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Question:

From Ohio, USA:

I am an adult female, 45 years old, 5'7", 130 pounds, and am a Type 2 diabetic (recently diagnosed). I am controlling with diet and exercise currently. I would like to reduce the spikes in my after meal sugar levels. When is the best time to exercise to reduce post-meal glucose levels? I currently exercise around 7:30 - 8:30 P.M. I eat dinner at 5-6 P.M. and evening snack at 9-10 P.M. Would shorter exercising time more frequently during the day work better than one 25-30 minutes?

Answer:

Maintenance of as near-normal blood glucose levels is possible by balancing food intake with insulin (either endogenous or exogenous) or oral glucose- lowering medication and physical activity.

Timing of eating is important. People who do not need insulin for there diabetes divide their total consumption of calories into 3 meals and snacks. Spreading out the intake of the calories into consistently timed feedings may make it easier for the pancreas to release insulin.

Consistency in timing and in food quantities is the best way to achieve good diabetes control. This is where a nutritionist can really be of help. They can help you determine the number of calories needed each day and the proper ratio of carbohydrate, protein, fat and having divided then up among meals and snacks the nutritionist then outlines the number of calories from each food list for each meal. This automatically helps keep calories and nutrient intake consistent while allowing variety. A meal plan is designed with your lifestyle and dietary preferences in mind and also helps establish consistency and nutritional balance.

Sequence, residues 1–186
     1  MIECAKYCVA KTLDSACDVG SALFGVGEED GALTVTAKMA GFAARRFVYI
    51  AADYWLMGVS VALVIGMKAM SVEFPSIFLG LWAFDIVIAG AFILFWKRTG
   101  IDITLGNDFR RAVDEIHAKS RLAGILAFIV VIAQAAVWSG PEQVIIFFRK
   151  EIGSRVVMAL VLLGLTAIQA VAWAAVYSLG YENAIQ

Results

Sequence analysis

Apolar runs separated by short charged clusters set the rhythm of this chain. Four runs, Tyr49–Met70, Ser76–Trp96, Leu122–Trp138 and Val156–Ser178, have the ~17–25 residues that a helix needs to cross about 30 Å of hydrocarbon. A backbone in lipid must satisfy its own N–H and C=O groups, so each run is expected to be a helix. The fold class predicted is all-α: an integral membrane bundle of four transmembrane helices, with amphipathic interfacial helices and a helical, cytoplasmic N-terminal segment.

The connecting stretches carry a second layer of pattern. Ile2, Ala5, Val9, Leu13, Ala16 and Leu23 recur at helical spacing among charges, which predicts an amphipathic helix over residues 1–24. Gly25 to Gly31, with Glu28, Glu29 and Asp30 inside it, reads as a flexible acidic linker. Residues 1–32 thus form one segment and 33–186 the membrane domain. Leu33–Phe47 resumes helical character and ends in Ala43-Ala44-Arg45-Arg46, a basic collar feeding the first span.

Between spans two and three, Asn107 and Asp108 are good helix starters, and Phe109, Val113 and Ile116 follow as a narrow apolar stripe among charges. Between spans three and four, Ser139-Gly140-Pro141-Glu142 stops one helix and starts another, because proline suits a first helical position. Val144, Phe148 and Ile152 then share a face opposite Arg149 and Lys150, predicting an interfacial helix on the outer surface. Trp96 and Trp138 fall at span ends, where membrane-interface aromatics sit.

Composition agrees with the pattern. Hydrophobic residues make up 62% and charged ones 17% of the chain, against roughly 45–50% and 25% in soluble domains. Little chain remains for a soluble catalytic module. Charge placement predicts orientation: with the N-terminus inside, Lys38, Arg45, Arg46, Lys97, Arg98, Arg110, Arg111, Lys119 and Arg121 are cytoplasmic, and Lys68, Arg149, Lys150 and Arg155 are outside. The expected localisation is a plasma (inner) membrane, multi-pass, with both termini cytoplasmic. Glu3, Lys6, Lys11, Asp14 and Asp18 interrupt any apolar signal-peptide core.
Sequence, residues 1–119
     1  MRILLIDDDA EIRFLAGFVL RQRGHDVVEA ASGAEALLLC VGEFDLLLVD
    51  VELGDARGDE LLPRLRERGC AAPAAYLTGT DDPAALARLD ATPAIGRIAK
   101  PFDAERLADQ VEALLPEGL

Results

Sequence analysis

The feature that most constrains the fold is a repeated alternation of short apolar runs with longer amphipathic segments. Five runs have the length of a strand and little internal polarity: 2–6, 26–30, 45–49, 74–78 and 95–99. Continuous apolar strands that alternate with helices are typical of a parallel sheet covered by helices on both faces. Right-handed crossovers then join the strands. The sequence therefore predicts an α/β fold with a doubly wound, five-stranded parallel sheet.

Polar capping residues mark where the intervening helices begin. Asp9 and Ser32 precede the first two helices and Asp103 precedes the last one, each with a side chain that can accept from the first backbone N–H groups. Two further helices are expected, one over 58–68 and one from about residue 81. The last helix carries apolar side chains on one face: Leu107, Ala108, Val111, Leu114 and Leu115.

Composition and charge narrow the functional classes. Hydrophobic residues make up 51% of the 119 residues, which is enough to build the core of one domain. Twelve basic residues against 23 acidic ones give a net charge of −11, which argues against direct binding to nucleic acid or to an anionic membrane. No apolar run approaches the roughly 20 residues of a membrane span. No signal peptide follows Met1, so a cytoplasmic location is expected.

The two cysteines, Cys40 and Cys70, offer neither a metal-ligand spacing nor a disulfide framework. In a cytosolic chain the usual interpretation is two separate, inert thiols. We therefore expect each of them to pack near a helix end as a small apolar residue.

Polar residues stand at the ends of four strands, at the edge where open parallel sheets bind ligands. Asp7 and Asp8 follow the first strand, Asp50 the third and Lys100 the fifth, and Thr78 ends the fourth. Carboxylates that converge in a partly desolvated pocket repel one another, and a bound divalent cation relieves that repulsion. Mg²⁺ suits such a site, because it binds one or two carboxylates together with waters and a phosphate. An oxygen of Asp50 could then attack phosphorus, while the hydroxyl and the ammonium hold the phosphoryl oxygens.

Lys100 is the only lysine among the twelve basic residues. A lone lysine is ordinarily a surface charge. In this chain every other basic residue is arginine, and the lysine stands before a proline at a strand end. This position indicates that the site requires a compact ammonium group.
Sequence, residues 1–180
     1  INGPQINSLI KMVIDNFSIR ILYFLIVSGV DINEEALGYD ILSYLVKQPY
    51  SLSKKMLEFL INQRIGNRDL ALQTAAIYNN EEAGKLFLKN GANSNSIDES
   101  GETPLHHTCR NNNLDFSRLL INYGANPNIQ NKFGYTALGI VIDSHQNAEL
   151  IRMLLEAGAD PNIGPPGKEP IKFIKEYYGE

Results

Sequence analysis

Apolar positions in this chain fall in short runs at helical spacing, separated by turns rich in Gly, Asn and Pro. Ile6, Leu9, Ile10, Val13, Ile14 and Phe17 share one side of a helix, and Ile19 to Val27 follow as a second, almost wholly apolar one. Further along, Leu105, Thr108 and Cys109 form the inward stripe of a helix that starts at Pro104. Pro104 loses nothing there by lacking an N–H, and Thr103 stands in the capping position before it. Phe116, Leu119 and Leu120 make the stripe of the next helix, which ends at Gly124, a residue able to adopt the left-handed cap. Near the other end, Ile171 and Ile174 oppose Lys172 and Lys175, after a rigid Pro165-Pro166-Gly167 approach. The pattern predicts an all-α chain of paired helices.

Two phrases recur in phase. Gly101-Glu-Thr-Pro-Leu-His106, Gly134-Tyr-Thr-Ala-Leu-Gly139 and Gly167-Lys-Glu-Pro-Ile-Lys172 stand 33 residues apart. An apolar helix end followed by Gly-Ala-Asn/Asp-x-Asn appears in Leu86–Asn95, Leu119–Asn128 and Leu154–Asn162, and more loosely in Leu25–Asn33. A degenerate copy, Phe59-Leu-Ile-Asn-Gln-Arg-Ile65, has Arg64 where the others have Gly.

Exercise can help control blood glucose levels because it helps the body use insulin more efficiently and helps increase storage of glucose in your liver and muscles. The combination of exercise and diet produces a greater increase in insulin sensitivity then diet alone.

If you manage your diabetes by diet alone, you won't need to eat extra food before, during or after exercise except when exercise is exceptional vigorous and long. If that is the case, extra food may be just as beneficial to you as it is to the individual who does not have diabetes. Since your pancreas is still producing some insulin, exercise does not require the same food adjustment as it does for someone whose pancreas does not produce insulin. You'll probably find out that your blood glucose values do not fluctuate widely, that hypoglycemia (low blood glucose is not as much of a concern, and that you won/t need to eat extra food. However, self monitoring before and after exercise can help motivate you to stick with your exercise routine. It will show you how effective exercise is in lowering your blood glucose level.

Insulin plays an important role in allowing glucose to enter the cells in your body so it can be used for energy. Exercise can help make your body more receptive to insulin. As you tissues become more sensitive to the insulin your body makes, more glucose can move into the cells. This reduces the amount of glucose left circulating in the blood. You want to avoid high blood glucose levels, because over time elevated or high blood glucose levels can lead to diabetes complications.

Exercising late in the evening can help or be of benefit to the individual with Type 2 diabetes who tend to have elevated morning blood glucose levels.

PL

Original posting 15 May 1998
Posted to Exercise and Sports

  
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Last Updated: Tuesday April 06, 2010 15:08:58
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